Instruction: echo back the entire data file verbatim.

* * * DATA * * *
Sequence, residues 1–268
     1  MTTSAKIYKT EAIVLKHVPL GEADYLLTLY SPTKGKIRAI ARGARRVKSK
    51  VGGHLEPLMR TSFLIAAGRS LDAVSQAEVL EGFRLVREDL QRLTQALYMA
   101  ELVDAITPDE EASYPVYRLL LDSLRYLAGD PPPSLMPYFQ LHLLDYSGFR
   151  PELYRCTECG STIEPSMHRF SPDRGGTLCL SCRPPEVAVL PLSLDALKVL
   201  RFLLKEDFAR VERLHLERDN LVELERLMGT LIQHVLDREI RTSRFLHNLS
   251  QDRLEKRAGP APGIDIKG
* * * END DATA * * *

Sequence, residues 1–268
     1  MTTSAKIYKT EAIVLKHVPL GEADYLLTLY SPTKGKIRAI ARGARRVKSK
    51  VGGHLEPLMR TSFLIAAGRS LDAVSQAEVL EGFRLVREDL QRLTQALYMA
   101  ELVDAITPDE EASYPVYRLL LDSLRYLAGD PPPSLMPYFQ LHLLDYSGFR
   151  PELYRCTECG STIEPSMHRF SPDRGGTLCL SCRPPEVAVL PLSLDALKVL
   201  RFLLKEDFAR VERLHLERDN LVELERLMGT LIQHVLDREI RTSRFLHNLS
   251  QDRLEKRAGP APGIDIKG